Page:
Contributed photos
The 13 for 13 runners and volunteers that kept participants hydrated posed for a picture after the run that raised $4,000 for two local families impacted financially from COVID-19.

By Barbie Porter


Thirteen runners took to county roads in the rural Frazee area to participate in a half marathon run on Saturday, March 13. 

The group set their sights on raising $1,300 with the proceeds being donated to a local family that experienced financial hardships due to  secondary impacts of the COVID-19 pandemic. The group sped past their goal, achieving the set amount by the second day of fundraising. When run day arrived, the group had collected $4,000.

Jason Ziegler organized the run. The co-owner of hunting and recreational land specialists Whitetail Properties explained the Harvest Church in Frazee and Cowboy Church in rural Detroit Lakes both nominated a family to be the benefactors.

Jason Ziegler, the 13 for 13 event organizer, gives a high-five (left) to two participants completing the course.

Ziegler said the recipients remained anonymous to him and there were no stipulations on how the funds could be spent.

The idea for the run started with a moose hunt in Alaska. The rural Frazee resident wanted to be physically prepared to haul a moose through back trails and boggy areas, should he be lucky enough to capture one during the hunt. So, he started running.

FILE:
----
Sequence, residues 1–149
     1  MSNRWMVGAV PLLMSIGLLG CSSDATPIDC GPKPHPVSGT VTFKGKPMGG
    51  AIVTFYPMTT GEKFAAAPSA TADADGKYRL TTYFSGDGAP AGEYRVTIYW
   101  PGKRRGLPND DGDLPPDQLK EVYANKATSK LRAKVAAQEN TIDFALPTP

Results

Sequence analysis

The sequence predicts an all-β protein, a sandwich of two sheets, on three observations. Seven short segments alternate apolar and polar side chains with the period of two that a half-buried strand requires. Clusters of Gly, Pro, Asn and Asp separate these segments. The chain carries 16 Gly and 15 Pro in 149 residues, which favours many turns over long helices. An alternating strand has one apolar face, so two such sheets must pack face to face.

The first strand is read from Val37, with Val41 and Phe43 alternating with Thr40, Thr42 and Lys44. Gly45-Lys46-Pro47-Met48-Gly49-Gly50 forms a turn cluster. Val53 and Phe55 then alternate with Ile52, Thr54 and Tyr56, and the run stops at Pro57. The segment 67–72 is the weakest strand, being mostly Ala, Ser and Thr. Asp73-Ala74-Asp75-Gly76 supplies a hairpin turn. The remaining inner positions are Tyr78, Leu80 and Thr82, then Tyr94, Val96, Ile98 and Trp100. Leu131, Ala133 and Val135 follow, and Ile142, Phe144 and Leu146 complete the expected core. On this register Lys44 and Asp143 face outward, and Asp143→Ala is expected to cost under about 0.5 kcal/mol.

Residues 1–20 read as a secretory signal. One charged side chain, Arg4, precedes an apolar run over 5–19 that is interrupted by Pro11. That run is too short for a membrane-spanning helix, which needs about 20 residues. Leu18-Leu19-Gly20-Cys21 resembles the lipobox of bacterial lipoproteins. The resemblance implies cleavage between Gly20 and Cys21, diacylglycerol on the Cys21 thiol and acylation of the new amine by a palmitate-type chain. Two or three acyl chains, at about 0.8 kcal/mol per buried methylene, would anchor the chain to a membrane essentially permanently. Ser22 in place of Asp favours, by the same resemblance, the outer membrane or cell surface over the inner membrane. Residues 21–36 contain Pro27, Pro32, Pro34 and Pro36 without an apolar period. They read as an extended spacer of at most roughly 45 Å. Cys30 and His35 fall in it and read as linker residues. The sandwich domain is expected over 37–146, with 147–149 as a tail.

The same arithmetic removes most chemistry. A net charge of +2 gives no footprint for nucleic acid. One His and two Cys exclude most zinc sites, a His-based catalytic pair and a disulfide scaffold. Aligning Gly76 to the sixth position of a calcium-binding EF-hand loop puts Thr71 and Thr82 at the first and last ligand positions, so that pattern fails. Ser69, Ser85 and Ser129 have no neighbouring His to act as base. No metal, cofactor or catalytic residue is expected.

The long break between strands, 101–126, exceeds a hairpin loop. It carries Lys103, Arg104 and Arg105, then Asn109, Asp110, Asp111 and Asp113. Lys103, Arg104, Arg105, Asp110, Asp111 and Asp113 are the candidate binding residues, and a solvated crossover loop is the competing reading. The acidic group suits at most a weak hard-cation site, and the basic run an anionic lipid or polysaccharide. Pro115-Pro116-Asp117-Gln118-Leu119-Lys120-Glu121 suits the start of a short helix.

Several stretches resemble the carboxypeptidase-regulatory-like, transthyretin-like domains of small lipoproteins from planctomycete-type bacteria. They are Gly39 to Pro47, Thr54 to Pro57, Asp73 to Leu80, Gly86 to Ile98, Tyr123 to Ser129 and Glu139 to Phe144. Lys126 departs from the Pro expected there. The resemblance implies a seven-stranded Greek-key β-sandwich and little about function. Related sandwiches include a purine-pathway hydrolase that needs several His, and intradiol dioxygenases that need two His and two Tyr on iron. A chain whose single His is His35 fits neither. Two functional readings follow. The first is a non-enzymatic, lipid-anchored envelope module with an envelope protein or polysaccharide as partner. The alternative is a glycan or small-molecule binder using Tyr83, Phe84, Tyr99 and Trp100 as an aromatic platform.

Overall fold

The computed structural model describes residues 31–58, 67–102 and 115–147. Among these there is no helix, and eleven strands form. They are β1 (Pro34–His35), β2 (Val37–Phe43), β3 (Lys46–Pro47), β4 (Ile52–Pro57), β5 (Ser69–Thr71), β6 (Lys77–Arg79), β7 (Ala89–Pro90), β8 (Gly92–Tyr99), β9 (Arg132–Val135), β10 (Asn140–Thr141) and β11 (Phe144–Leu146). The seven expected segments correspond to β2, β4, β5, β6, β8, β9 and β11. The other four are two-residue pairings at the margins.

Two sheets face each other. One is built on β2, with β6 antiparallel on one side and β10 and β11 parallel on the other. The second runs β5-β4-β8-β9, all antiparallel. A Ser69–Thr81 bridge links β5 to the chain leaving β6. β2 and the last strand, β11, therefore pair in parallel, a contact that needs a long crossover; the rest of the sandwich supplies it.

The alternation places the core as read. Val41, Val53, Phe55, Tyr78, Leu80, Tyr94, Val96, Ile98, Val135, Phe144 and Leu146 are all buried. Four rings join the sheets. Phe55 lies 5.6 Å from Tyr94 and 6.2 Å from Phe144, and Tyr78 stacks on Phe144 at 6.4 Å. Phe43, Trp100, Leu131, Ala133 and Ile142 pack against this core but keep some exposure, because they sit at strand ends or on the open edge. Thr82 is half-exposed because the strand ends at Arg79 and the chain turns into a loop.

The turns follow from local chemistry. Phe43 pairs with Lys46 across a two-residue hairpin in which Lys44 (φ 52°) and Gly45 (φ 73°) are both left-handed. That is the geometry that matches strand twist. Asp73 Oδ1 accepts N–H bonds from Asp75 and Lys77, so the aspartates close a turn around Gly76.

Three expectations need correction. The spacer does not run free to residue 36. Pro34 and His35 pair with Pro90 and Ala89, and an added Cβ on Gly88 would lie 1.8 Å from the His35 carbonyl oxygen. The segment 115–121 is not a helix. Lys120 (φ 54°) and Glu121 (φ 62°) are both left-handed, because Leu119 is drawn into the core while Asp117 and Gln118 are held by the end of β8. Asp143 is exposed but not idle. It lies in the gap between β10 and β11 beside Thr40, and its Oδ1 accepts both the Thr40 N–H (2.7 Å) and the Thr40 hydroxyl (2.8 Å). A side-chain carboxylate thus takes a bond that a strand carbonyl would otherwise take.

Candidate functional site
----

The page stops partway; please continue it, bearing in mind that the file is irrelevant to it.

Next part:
Ziegler returned to Minnesota without a moose, but decided to continue running. He put his hobby to work when he came up with an idea to run a half marathon in the Cotton Lake area and invite 12 others to join him.

Sticking with the number 13 concept, Ziegler set a fundraising  goal of $1,300 and decided the run would happen on March 13, regardless of weather conditions. Mother Nature tipped her hat cordially to participants as temperatures topped out around 60 degrees. The warmth and sun added to the joyful event, as did the spectators along the way.

Ziegler said he knew a few of the spectators cheering everyone on, but there were several he had not had the pleasure of meeting, yet. 

“That was neat to see,” he said. 

The finish line was at a lake side eatery, where participants and spectators were able to gather for food and to celebrate a great athletic accomplishment that also helped local families.